Reading books like Cracks in the Ivory Tower translated the way I viewed not only my own university, but even those faultless Ivy League institutions of my dark academic fantasies, too. Richard mentions at the opening of The Secret History that within his first few weeks at Hampden College he is already habituated to "official accounts of financial hardship, of limited endowment, of corners cut" and this in an elite institution decades prior to our present crises of financialized higher education, crunched and casualized academic labor, and runaway student debt.5 Regardless of my fanciful beliefs, no amount of faded stone walls and dark interiors could insulate the academic institution from the endless grind to increase enrollment and revenue.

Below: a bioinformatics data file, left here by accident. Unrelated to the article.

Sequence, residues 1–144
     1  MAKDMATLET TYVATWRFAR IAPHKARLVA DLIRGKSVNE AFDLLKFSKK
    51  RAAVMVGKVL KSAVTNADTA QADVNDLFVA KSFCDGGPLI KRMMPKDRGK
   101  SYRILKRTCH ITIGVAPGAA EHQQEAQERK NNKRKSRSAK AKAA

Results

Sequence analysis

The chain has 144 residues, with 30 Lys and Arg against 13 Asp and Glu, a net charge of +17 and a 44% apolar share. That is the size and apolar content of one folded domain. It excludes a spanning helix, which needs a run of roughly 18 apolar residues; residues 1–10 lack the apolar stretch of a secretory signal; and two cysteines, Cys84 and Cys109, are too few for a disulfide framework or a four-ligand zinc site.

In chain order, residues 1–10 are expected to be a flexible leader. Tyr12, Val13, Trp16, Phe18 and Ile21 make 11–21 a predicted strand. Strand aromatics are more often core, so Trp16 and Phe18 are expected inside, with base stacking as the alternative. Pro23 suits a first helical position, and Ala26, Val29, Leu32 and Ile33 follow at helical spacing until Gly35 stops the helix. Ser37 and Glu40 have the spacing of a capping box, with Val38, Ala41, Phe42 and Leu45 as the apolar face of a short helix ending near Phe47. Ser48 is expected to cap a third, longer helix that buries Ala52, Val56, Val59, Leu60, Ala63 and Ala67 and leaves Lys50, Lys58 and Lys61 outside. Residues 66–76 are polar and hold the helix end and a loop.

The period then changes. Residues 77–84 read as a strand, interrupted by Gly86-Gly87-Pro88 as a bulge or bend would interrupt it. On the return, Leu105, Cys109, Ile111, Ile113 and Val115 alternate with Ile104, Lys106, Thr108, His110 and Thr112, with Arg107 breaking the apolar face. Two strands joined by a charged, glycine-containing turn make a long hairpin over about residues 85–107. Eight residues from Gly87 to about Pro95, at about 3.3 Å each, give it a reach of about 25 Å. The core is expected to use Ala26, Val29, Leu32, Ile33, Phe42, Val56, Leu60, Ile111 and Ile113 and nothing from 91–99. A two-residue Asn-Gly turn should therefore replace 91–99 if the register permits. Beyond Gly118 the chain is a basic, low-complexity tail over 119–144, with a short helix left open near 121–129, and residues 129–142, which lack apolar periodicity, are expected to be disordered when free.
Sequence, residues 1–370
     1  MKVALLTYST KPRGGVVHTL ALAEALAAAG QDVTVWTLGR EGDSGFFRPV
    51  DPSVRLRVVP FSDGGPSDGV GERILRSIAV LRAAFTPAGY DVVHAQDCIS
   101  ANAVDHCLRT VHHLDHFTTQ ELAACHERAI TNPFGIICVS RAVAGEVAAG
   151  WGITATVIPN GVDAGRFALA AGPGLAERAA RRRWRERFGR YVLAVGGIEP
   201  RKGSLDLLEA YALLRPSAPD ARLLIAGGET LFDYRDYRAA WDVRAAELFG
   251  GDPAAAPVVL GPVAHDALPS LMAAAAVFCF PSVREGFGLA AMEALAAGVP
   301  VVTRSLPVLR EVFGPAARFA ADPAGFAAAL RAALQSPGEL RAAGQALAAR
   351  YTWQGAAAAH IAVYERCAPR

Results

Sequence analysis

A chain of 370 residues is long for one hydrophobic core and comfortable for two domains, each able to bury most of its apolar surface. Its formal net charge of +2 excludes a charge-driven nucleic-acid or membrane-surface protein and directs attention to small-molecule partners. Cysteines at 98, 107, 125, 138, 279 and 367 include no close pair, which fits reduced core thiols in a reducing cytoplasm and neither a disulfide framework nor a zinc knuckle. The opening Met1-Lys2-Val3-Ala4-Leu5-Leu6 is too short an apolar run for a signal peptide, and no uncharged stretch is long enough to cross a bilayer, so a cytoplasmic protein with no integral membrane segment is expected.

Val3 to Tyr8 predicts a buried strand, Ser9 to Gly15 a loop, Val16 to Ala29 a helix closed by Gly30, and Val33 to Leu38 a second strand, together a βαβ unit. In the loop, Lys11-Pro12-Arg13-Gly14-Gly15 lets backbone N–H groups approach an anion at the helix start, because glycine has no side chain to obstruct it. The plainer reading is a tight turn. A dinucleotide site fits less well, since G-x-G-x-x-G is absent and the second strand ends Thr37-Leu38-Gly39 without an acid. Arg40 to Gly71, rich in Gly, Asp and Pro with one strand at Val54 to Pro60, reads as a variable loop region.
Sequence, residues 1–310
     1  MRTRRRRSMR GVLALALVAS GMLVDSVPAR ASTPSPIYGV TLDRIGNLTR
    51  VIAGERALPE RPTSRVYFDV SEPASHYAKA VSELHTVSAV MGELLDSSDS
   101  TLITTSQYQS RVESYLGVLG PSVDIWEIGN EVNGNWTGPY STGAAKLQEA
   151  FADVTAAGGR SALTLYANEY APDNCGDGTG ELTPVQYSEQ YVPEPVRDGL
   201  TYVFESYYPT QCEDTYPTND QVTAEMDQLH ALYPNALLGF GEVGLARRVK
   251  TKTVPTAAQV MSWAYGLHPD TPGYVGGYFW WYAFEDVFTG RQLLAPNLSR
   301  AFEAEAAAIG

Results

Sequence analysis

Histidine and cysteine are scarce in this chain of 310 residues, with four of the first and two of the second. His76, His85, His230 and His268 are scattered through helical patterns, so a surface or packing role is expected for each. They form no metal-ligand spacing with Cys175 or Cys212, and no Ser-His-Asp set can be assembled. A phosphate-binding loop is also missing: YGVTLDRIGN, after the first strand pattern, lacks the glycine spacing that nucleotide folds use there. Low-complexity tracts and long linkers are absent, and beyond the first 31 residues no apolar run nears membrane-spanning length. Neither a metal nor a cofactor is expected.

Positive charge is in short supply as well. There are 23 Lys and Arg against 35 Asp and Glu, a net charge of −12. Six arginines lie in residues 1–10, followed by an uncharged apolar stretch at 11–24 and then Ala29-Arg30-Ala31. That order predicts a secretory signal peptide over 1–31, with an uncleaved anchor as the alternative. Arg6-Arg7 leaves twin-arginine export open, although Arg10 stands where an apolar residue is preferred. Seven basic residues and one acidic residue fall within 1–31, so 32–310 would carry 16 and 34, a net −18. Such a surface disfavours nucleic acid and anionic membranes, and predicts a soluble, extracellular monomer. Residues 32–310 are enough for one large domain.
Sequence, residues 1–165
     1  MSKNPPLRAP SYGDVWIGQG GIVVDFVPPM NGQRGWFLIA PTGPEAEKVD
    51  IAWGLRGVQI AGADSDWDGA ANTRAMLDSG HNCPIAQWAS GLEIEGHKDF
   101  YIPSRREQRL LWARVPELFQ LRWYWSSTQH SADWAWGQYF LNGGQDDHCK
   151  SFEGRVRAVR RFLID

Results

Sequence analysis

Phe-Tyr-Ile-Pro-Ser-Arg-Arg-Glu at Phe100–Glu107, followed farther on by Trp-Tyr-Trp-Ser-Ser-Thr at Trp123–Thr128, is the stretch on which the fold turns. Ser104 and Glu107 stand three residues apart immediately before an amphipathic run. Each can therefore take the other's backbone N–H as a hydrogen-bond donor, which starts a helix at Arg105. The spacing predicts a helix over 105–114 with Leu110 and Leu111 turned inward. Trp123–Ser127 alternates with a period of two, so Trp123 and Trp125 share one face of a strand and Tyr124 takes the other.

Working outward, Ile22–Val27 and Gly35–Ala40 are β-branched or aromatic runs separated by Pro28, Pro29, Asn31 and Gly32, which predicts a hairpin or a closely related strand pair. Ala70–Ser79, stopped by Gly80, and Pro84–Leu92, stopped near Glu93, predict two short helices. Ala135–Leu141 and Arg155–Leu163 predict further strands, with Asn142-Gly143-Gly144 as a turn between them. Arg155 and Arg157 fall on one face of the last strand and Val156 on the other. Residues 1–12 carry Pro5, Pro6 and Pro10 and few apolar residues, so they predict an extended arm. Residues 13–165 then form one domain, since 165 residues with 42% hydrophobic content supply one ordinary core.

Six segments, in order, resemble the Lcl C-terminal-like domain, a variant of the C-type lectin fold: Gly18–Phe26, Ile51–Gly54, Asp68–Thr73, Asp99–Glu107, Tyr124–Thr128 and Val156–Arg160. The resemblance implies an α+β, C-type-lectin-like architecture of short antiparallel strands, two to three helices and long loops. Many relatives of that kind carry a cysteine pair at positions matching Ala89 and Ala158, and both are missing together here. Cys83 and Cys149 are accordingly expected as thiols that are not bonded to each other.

And yet, despite the gap between dark academia and the real life of the contemporary university, its aesthetic does exert an undeniable hold on young people, and in some cases has reintroduced them to the potential joy of learning. Further, women, people of color and minorities can find a place within dark academia, if not within the actual academy (even if, as Mel Monier notes elsewhere in this cluster, the spaces of dark academia retain the potential to replicate the exclusionary logics of academia itself).6 When I look back at my academic journey from the vantage point of a weather-beaten final year student, I feel fondness and sympathy for both myself and the bright-eyed Richard. The difficulties of academic life push you to extremes you step out of your self-imposed cocoon to experiment with life in the last place that might act "in loco parentis" for you.7 Perhaps that is why academia in The Secret History takes such a dark turn: the Greek Studies coterie are dealing with the pressures of performing their act as accomplished students of such an esoteric field that their burnout manifests itself in a (carefully controlled) breakdown, resulting in a violent bacchanalia.